Judge criticises father who used daughter to secretly record social workers

The child had small recording devices sewn into her clothes by her father and his partner without her knowledge

Photo: Prod. Numerik/Fotolia

A judge has criticised the “wrong” decision a family made to record social workers by putting recording devices on a child without her knowledge so they could hear her conversations with professionals and other family members.

Judge Jackson said the father had “not considered the consequences” of his actions during a dispute about whether the girl, referred to as Tara, should live with her father or move to live with her mother.

The long dispute between the parents had become serious enough to involve local authority social workers, family support workers and a children’s guardian.

Devices in clothes

Late in proceedings, it was revealed the father and step-mother had been recording these meetings by sewing small devices into Tara’s clothes and by using their phones. The father wanted to submit more than 100 pages of transcribed conversations dating back over a year.

The justification for recording was to find out what Tara was saying in meetings with professionals, the father felt she may tell social workers things she wouldn’t tell him, and “he wanted to be able to show that Tara was saying things to professionals that they were not reporting or acting on”.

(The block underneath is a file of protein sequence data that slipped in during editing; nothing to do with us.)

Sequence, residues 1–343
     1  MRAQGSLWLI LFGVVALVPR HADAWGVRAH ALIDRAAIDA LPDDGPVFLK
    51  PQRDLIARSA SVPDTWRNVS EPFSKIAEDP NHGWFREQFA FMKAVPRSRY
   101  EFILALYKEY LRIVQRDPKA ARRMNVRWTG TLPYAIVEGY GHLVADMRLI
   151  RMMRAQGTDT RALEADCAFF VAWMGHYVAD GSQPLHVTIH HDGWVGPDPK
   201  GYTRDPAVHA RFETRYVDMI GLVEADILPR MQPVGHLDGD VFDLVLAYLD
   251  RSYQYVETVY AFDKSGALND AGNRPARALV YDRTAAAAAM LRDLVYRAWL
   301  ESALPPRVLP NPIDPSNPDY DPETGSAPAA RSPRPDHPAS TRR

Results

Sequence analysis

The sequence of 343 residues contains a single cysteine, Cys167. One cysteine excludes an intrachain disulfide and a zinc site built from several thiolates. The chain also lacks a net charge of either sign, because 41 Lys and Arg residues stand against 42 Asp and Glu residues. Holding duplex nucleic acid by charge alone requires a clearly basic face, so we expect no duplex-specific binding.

In his judgment, Judge Jackson said: “It is almost always likely to be wrong for a recording device to be placed on a child for the purpose of gathering evidence in family proceedings, whether or not the child is aware of its presence.” He said a comment like his should be added to the Cafcass Operating Framework section on this topic.

Jackson did however admit the evidence, and said: “The manner in which they were made is directly relevant to an assessment of the parenting offered by the father and his partner…From the time the recording programme was revealed, everyone involved in these proceedings, except the father and his partner, immediately realised that it was wrong.”

Envy of spies

The technology available to parents today “would be the envy of yesterday’s spies”, Jackson said.

He said the fact the father and partner recorded his child and her conversations without her knowledge was a “prominent” indicator that they could not meet her emotional needs.

“The mother was entitled to say that she objected to her daughter being brought up by someone who sewed recording devices into her clothing, something she described as “really disturbing””, Jackson said.

The recordings “did not produce a single piece of useful information”, but it further damaged the relationship between Tara and the adults in her life. The use of bugs also showed the father’s inability to trust professionals and created a secret that may affect the relationship between her and her father in the future when she understands what has happened, Jackson concluded.

He said the case was not relevant to covertly recording adults for family proceedings, or recording children in other ways. He references the Cafcass Operating Framework, which says “officers should have nothing to fear from covert recording, but should bring it to the court’s attention if they become aware of it”.

Last year, The Transparency Project found councils were “wrongly” citing data protection and human rights legislation to prevent parents from recording meetings with social workers.

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8 Responses to Judge criticises father who used daughter to secretly record social workers

  1. Mike Cox June 8, 2016 at 1:06 pm #

    Interesting view of the judge that: